Socialization begins right after birth, with the younger years being the most crucial of the socialization process. Through socializing, children are exposed to our culture, language, manners, and learn about our society. Socialization helps to make up our personality. When people are successfully socialized, they are more likely to fit into society better and get along with others more easily.
When a child is school-ready, they will be introduced to many different children and their social interactions will increase. They will be expected to exhibit social skills such as cooperation, sharing, listening, communicating, good manners and conflict resolution. This can be a challenge when expectations are placed on them in a classroom environment and some may need more guidance than others. For one reason or another, some Pre Schoolers do not develop social skills as easily as others. They may earnestly seek peer relationships and then, having endured rebuffs, they retreat to the safety of home, family, and their own company.
It is during these first few years of life that parents will want to introduce their child to new places, people and activities. It is also through socialization that children will begin learning about things like empathy, and will experience a range of emotions. They will learn trust, how to be generous, and the best way to nurture a relationship.
To determine if your child is developing healthy social skills, ask yourself a few of these questions:
Is your child compassionate toward other children?
Does your child get along well with other kids?
Is your child interested in playing with other children?
How well does your child get along in a group?
To encourage social development with your children, try to get them involved with other people, and in new situations from time to time. It does not need to be a daily thing, but periodic events and encounters will help to get them to feel more comfortable with the process. Other things you can do include:
Modeling good social skills
Encouraging your child to play with other children
Including your child in social gatherings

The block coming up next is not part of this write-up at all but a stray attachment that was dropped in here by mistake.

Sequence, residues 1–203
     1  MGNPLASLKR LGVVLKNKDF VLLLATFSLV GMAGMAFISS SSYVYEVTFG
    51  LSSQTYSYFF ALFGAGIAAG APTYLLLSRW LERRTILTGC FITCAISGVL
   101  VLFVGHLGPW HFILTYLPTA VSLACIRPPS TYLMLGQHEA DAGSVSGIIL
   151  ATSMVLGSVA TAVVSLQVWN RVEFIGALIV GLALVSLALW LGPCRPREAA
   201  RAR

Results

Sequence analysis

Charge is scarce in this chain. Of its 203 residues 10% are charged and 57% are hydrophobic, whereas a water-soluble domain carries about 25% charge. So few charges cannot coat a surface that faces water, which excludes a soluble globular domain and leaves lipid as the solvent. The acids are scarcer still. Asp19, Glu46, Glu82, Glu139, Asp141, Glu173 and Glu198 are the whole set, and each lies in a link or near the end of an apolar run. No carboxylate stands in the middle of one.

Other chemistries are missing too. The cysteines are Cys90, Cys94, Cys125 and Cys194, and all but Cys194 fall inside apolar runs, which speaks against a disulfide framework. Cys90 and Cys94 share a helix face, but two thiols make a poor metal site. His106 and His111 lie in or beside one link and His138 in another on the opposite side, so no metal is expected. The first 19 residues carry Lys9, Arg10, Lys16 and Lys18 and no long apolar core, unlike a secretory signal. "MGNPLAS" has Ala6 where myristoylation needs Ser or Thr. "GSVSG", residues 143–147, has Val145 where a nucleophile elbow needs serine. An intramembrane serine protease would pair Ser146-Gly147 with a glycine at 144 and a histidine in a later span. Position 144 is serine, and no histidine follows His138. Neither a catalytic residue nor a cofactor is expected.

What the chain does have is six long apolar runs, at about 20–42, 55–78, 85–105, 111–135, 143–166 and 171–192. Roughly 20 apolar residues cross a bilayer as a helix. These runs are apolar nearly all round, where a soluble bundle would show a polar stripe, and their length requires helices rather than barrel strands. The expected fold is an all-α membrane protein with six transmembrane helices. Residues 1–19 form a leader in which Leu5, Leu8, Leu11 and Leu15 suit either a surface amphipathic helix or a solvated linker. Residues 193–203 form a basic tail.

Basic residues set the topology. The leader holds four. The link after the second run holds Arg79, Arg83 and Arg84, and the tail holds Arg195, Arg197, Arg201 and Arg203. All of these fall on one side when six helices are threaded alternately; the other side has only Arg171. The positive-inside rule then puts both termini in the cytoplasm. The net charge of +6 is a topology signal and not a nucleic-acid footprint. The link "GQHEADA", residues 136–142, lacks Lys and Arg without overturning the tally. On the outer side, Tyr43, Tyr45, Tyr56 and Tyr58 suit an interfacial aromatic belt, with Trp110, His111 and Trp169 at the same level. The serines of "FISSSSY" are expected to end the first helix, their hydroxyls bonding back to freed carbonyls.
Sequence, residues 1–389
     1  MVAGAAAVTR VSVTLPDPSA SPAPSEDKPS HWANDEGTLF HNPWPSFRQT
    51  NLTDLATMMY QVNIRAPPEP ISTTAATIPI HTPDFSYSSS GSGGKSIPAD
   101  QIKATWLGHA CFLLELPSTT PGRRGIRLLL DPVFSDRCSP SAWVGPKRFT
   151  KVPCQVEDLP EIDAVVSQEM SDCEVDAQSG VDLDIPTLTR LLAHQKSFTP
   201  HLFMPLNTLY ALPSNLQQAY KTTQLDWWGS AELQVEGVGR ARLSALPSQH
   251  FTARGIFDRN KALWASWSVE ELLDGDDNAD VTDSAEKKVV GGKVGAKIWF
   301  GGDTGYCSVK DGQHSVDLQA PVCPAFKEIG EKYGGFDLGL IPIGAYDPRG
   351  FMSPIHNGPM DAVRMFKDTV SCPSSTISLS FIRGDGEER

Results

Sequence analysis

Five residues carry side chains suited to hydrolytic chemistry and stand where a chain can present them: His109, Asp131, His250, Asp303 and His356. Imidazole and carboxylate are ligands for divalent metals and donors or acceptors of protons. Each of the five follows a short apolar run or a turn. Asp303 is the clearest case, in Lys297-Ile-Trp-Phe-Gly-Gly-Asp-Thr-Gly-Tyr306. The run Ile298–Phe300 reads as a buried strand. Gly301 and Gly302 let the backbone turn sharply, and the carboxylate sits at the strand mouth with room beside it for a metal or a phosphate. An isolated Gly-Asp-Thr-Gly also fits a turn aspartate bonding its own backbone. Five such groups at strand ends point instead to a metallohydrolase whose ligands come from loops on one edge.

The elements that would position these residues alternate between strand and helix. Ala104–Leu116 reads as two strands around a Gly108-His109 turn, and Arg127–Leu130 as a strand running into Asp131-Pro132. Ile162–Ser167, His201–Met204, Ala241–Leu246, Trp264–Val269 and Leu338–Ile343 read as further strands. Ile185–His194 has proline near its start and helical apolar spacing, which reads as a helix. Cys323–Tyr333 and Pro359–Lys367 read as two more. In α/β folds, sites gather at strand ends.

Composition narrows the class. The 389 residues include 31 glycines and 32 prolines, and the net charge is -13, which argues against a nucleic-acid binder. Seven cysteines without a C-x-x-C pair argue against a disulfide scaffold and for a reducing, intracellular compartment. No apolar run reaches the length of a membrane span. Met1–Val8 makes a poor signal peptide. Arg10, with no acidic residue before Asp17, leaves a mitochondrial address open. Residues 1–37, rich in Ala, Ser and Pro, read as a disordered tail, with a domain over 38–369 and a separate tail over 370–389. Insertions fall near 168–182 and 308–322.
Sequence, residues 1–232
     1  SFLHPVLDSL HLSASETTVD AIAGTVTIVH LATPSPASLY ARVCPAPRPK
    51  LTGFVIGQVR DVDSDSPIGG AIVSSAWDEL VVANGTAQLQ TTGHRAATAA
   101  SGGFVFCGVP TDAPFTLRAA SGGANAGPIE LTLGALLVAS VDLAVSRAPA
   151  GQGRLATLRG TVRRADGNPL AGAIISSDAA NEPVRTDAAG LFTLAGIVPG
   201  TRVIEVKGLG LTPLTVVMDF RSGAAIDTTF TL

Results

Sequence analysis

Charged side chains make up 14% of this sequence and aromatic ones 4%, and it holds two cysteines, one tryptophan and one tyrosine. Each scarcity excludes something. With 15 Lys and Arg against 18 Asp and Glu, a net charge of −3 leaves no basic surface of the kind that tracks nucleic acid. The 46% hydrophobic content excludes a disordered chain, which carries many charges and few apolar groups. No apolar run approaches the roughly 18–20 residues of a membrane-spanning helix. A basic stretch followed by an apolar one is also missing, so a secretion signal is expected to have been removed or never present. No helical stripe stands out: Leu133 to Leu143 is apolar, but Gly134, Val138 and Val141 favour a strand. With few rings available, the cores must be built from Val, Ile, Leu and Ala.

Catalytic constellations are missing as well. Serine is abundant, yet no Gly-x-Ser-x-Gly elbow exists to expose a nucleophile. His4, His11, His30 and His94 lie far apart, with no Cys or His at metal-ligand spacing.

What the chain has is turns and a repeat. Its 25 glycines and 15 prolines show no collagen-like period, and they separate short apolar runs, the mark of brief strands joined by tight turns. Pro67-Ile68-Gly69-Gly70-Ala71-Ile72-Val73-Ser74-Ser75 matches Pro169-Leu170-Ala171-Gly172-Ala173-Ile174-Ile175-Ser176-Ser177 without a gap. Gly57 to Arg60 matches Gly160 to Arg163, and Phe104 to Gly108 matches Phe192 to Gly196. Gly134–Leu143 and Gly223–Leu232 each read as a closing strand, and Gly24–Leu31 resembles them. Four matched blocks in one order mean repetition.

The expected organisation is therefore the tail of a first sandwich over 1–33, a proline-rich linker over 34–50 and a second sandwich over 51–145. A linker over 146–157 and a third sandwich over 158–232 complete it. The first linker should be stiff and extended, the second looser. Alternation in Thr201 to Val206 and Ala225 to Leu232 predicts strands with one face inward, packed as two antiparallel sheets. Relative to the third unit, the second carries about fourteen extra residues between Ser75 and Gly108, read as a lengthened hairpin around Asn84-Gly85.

Involve them in smaller group activities, such as taking them to the library story time, or weekly playgroup
Try role-playing with your children, or explaining to them how they can start playing with others, or make friends
Children need the opportunity to play with other children and to be around adults in a social manner. When they are socializing, only intervene when absolutely necessary, and give positive feedback, so they feel more confident the next time. If things did not go well, talk about what they could do to help it to go better the next time.
Social interaction is important during this time. Children begin forming friendships and engaging in unorganized play with others. They will also have many disputes while playing. This is an important time to teach children about rules, and getting along with others.
Once children start school, they begin to choose their own friends, play cooperatively with others, and engage in more fair play. All of these stages are important steps in the quest for healthy social emotional development. Giving your child the opportunity to engage in socialization is easier than you may think. All you need to do is take them to a weekly class, a library story time, and/or playgroup in your area.
All of the social interaction you have provided for your child will spill over into the school situation, and you can be sure that teachers will be very grateful. (Too often the child reaches the classroom totally untutored in social relationships, and the teacher is expected to do the job.) Most teachers will react favorably to a request for a conference on social needs. This is the time to explain what you have tried to do on the home front. You can discuss your child’s needs for a special friend. After becoming familiar with the personalities of the tiny tots in his/her class, perhaps the teacher can arrange to team your child with another child of similar disposition and interests in terms of seating, play-pairs, playground-pairs and even walking to and from school.
There are times when a parent must reach out for help, and it is generally the mother, who, faced with this assignment, is going to have to scan the available candidates in the neighborhood and to select a child who would make an appropriate playmate. At this age and under these circumstances boys and girls play equally well together.
Many children enjoy art classes or music classes, and many websites provides guidance on how to choose the right programs for your child. First, pick fun activities, an art teacher, for example, should embrace your child’s messy creativity, not try to teach him the one and only correct way to hold a paintbrush. It’s important not to force your child to join in, although gentle, friendly coaxing is okay.
Spending time with other children is a key benefit for your child, so make sure the class truly focuses on children of the same age group, rather than having a roomful of looming kindergarteners. Also make sure that safety is carefully considered, and the equipment, supplies and instruction are all scaled to your child’s developmental level. If your child doesn’t seem ready for these activities yet, don’t worry. And, no matter how much your child does enjoy them, don’t overschedule him or her.
During the period of social growth there will be minor triumphs, but the road will undoubtedly be rutted with an occasional disaster. Parents should not be disheartened. Children tend to have spurts of physical, intellectual, and social growth laced with periods of holding their own or even periods of regression. The key words are structure and fun, with simplicity. The key attitudes are warmth and optimism. And if you treat your child like a worthwhile human being, it is much more likely that other children will also sense the child’s worth.